Picked this one (Tigers in the Mud: The Combat Career of German Panzer Commander Otto Carius) up on a whim a couple months ago. Otto Carius is one of the most famous/decorated tank commanders in history. In WWII he led a group of Tiger tanks for Germany.
The book is his journal of some of his time at the Eastern Front, and later back in Germany as it fell to the American forces coming from the West.
Most of the recollections are very personal and somewhat sanitized compared to the larger (and uglier) views of Stalingrad: The Fateful Siege by Antony Beevor and The Fall of Berlin 1945. Both of those books are highly recommended.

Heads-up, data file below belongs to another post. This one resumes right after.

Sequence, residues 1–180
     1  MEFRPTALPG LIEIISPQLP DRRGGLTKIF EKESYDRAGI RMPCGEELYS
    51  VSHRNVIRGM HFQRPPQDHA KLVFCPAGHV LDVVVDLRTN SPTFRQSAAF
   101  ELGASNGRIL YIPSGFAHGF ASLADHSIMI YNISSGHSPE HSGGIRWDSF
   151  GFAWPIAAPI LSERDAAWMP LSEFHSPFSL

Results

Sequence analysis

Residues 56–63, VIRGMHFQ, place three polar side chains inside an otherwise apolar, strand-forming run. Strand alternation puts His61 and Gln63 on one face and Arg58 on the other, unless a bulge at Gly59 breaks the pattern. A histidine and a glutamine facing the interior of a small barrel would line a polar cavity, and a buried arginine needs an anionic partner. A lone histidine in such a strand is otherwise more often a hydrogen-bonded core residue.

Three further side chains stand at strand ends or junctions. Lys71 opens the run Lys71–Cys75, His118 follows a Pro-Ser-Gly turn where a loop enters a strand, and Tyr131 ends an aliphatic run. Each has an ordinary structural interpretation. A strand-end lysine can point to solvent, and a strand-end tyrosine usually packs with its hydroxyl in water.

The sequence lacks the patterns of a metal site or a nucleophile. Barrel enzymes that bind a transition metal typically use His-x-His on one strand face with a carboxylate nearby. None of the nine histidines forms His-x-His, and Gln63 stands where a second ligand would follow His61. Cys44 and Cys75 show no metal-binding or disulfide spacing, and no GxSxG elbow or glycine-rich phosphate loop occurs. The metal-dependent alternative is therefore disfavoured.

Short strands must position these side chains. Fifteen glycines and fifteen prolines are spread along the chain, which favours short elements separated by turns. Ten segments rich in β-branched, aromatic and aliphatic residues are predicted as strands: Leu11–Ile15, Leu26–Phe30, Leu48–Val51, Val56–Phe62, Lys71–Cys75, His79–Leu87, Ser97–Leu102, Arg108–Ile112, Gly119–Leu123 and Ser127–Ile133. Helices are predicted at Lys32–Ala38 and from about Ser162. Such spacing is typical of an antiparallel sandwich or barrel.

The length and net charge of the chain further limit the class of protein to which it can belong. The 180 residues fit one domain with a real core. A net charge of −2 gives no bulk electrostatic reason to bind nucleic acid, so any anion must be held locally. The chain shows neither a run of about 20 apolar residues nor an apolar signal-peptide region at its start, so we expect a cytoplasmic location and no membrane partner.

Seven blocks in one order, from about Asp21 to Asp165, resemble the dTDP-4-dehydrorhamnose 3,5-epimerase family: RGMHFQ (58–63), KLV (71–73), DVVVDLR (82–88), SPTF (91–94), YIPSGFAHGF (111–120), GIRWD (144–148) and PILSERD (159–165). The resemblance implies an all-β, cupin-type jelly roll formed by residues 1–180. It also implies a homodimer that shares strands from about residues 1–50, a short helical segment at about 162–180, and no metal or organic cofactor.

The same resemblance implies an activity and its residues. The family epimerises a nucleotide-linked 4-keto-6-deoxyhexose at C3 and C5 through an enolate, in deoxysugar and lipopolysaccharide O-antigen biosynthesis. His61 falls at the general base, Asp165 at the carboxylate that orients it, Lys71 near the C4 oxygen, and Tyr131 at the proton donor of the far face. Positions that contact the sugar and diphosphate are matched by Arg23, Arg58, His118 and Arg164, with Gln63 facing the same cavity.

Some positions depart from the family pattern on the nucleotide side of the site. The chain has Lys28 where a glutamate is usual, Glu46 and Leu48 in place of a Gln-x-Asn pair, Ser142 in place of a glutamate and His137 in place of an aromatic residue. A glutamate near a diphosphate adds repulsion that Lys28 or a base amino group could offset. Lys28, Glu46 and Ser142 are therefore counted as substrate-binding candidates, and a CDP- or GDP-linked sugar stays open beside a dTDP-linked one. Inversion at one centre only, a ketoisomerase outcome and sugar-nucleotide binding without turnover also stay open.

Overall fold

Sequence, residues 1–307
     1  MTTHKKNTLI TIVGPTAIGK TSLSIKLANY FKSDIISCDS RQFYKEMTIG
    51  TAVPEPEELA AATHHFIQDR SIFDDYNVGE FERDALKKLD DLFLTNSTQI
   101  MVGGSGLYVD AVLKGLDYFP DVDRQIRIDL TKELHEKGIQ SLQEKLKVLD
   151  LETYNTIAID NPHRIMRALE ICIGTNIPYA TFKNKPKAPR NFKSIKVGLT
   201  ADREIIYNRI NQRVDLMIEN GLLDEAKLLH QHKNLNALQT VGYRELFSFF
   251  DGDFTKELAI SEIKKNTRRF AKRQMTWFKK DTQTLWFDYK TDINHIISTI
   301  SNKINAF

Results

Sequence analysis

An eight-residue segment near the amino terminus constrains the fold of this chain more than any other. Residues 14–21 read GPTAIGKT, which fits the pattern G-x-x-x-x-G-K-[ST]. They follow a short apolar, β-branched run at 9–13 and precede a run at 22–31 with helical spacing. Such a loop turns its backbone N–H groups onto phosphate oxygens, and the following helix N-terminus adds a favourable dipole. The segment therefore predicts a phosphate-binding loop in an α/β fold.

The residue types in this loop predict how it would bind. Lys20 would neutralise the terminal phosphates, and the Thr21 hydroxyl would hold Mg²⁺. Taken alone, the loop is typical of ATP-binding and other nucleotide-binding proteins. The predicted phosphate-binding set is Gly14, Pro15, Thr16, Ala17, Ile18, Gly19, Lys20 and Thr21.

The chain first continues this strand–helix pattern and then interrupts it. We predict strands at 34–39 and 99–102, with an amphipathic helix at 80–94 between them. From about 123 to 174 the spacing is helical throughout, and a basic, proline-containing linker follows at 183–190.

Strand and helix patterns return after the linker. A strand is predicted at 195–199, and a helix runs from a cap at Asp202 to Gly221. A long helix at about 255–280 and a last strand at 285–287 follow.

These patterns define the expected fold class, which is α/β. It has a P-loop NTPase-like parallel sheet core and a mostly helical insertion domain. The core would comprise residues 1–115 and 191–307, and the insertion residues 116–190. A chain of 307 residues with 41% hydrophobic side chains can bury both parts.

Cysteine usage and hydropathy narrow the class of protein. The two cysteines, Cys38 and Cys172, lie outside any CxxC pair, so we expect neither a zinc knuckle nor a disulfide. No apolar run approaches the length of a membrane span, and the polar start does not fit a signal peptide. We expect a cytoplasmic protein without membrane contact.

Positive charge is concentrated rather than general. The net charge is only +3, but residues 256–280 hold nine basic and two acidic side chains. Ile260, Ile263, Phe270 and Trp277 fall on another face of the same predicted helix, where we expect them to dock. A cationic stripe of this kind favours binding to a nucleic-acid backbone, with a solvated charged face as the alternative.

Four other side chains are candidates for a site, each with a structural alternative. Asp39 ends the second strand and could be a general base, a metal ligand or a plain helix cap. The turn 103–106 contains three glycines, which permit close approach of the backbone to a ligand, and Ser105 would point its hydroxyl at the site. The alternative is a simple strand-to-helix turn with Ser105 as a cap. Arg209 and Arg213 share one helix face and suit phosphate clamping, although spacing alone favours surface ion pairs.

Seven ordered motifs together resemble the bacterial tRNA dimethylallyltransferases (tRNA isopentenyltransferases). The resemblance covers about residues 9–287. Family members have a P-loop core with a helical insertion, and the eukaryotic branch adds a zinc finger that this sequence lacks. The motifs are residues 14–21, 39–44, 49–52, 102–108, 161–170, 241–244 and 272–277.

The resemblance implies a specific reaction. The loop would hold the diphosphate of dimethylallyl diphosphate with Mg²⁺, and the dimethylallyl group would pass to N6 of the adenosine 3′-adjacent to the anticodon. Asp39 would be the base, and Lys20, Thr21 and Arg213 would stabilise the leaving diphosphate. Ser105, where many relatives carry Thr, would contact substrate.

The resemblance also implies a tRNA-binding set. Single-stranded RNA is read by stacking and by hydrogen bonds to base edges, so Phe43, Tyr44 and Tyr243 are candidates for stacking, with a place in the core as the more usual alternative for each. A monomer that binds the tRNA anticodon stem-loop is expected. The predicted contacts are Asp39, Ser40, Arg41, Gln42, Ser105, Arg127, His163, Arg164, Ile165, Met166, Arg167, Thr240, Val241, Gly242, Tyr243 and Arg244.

One notable take-away from the book is that it lends strong credence to the argument that after the Allies invaded Europe on D-Day, they were in large part performing mop-up duty against a German force that was heavily depleted and all but already defeated by the Soviets.